“Cock?” asks Aljoscha, with a nervous laugh.

“That’s definitely, Aljoscha,” says Rene, who does not mishear my question. Skype lolz. Although the pair do share a flat in Kreuzberg, so …

Let’s not go there.

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Morrissey

WHAT did Morrissey do that was so bad?

For the tabloids it was his undisguised loathing for the Royal Family, his rampant vegetarianism, his refusal to play Live Aid, and his audacity, as a mere pop star, in discussing the crimes of Myra Hindley and Ian Brady.

The music press, his initial champions, never forgave him for the split of The Smiths in 1987. He’s too intellectual, they say. He can’t cut the mustard as a solo artist without Johnny Marr, they claim. And worst of all, he has been tainted with accusations of nationalism and racism since he wrapped the Union Jack around himself at a Finsbury Park gig in 1992.

Two weeks ago, the NME listed his crimes in anticipation of his British tour this week, and advised its readers to ‘brick’ the singer offstage. It’s the martyrdom of Saint Stephen all over again.

So it’s not altogether surprising that this most English of entertainers has gone into self-imposed exile. The quintessential Mancunian miserabilist now resides in the shiniest happiest city in the world: Los Angeles, renting Carole Lombard’s bachellorette pad at 7953 Hollywood Boulevard no less.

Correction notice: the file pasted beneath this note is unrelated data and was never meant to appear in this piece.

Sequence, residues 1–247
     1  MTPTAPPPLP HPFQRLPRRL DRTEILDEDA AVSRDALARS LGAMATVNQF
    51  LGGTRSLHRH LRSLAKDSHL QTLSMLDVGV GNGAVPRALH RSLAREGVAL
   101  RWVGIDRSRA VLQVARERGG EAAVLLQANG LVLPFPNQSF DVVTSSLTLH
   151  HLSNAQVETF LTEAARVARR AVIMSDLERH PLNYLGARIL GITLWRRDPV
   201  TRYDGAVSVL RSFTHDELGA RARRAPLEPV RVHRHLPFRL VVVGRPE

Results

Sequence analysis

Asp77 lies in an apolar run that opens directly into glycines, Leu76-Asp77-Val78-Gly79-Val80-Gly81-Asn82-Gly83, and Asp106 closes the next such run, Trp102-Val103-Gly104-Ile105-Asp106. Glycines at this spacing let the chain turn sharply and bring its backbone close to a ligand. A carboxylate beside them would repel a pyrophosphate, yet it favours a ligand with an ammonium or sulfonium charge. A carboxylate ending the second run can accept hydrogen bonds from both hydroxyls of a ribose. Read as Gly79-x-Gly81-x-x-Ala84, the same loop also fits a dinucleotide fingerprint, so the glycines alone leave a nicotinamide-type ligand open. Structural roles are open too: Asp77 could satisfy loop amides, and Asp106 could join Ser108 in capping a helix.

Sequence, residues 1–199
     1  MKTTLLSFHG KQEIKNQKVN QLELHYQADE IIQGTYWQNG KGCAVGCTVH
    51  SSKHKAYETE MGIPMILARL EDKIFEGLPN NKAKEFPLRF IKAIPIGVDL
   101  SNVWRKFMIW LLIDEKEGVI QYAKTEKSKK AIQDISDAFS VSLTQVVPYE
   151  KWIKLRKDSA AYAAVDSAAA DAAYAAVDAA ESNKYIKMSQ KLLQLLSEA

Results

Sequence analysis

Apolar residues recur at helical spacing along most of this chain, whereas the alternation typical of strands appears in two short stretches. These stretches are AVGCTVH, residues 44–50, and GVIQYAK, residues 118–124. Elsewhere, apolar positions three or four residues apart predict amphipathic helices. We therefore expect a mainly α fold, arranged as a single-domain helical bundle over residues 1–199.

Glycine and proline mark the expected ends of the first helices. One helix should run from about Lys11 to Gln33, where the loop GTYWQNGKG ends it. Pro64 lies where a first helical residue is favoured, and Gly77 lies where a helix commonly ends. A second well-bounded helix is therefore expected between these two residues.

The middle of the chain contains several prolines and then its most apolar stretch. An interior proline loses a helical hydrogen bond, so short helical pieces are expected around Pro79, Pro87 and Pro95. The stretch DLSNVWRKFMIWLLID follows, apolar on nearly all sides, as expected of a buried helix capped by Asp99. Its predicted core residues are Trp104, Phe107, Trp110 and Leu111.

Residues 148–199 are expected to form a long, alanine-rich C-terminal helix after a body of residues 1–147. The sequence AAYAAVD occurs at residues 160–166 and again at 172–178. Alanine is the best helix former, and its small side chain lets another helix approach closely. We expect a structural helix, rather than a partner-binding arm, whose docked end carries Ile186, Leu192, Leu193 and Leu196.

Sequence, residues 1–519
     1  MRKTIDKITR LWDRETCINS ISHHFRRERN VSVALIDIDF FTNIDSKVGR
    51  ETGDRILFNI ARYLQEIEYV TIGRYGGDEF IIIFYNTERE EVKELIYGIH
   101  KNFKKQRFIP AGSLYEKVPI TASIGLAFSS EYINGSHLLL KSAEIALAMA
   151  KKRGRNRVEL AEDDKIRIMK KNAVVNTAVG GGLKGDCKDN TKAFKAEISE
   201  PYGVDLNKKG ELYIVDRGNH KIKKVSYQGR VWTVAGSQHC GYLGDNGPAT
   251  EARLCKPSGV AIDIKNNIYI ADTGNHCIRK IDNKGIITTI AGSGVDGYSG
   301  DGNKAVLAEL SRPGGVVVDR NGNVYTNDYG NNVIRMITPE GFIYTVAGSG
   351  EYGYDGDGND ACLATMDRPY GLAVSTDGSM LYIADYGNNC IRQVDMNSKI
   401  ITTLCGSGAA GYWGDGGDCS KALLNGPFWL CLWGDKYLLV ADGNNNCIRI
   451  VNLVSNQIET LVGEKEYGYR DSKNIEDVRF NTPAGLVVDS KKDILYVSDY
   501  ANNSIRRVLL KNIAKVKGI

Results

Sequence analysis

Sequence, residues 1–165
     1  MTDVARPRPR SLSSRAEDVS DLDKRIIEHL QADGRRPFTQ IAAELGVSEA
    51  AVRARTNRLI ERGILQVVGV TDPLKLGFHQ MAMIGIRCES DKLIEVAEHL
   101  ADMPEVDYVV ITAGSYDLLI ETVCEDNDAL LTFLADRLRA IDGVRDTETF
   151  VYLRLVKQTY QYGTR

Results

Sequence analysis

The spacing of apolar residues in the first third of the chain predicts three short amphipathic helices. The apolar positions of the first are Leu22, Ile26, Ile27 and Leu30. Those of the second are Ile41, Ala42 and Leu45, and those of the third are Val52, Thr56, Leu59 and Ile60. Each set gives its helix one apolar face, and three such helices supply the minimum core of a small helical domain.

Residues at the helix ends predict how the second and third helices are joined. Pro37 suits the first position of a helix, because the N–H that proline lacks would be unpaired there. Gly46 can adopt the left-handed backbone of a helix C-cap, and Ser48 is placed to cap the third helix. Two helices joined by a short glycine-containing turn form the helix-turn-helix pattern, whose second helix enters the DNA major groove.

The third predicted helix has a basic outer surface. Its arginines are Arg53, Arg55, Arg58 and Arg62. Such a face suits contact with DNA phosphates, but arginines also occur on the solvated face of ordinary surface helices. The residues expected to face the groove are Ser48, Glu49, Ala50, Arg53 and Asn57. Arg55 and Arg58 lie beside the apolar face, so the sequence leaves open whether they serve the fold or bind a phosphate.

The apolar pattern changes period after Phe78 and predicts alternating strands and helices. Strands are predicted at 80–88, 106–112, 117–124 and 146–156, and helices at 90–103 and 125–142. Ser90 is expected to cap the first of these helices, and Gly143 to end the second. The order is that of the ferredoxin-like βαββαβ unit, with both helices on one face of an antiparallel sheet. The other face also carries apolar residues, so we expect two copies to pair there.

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Dennis Morris of Basement 5 and Urban Shakedown

EVERYONE knows the score, right?

Someone whose work you’ve admired for three decades is appearing in town – except you’re broke and worse, broken-hearted, because your girlfriend’s just walked out on you, it’s all still very raw and you don’t really know what day it is.

So you walk all the way to the Whitworth in the rain, and then when you get there, you’re soaked to the skin, you’ve no fags left, everything’s a bit surreal and you suddenly feel utterly disconnected from whatever the fuck ‘normal’ is.

You can’t find the insightful, carefully-researched questions in your pad, so you just end up asking questions about stuff that’s not very interesting, and forget all the stuff you really wanted to know about.

Everybody has been there, right? No? Yeah, me neither.